}

Present Times

Anadolu University Faculty of Fine Arts

July 20 - October 2, 2011

Since its inauguration, Pera Museum has been instrumental in promoting young artists and institutions of art education by opening its exhibition halls during the summer months. In 2011, the Museum hosted Anadolu University's Faculty of Fine Arts.

Entitled Present Times, the exhibition was comprised of selected works by young artists and designers enrolled in a wide range of departments at the Faculty. While offering students the opportunity to experiment with the art education of their respective departments, the exhibition also strived to establish itself as a groundwork for problems of contemporary art and design, innovative tendencies, and idiosyncratic identities through a abundance of self-expression possibilities such as painting, printmaking, sculpture, ceramics, installation, interior design, graphic design, photography, digital art, glass, and video.

Exhibition Catalogue

Present Times

Present Times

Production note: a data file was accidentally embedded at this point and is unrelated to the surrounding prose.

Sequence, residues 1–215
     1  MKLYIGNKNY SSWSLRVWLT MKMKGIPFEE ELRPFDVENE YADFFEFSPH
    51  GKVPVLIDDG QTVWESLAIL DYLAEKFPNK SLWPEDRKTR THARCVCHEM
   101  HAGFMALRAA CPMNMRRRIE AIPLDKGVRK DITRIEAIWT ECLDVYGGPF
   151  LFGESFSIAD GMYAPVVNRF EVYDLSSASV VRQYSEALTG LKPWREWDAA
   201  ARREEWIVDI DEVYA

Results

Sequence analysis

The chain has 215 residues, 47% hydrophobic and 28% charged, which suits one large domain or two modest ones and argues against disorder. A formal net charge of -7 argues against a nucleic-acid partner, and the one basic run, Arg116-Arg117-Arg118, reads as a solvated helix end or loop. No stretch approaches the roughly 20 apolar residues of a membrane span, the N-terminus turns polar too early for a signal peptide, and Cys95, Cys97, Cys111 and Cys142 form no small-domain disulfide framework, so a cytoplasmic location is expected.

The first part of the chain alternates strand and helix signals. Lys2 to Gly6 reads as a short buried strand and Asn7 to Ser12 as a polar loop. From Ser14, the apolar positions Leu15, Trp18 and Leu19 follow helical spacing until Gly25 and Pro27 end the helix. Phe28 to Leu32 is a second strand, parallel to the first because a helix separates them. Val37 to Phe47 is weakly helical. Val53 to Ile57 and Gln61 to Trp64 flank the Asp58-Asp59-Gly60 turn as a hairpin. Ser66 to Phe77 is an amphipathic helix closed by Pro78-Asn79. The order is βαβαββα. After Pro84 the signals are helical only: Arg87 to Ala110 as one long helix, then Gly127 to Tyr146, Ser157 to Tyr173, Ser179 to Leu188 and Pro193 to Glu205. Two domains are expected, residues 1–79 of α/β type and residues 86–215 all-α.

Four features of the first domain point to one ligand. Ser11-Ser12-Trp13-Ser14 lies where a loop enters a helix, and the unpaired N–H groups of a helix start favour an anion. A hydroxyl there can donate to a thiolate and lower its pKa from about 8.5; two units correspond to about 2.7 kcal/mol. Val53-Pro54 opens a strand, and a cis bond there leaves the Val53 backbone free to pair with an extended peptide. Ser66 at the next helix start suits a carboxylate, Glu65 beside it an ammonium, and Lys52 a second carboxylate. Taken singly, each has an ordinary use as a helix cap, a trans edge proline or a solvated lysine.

Present Times: Anadolu University Faculty of Fine Arts exhibition catalogue is comprised of selected works by young artists and designers enrolled in a wide range of departments at the...

Video

Baby King

Baby King

1638, the year Louis XIV was born –his second name, Dieudonné, alluding to his God-given status– saw the diffusion of a cult of maternity encouraged by the very devout Anne of Austria, in thanks for the miracle by which she had given birth to an heir to the French throne. Simon François de Tours (1606-1671) painted the Queen in the guise of the Virgin Mary, and the young Louis XIV as the infant Jesus, in the allegorical portrait now in the Bishop’s Palace at Sens.

At The Well

At The Well

Tadeusz Ajdukiewicz discovered the Orient in 1877, touring Syria, Egypt, Turkey, and the Crimea with Władysław Branicki. This experience made a profound impression on him, and he was to continuously revisit Eastern themes in his works for the rest of his life. 

Medicinal Herbs in Byzantium

Medicinal Herbs in Byzantium

Knowledge of plants and the practice of healing are closely entwined. The toxic or hallucinogenic nature of some roots, and the dangers associated with picking them, conferred a mythical or magical character and power.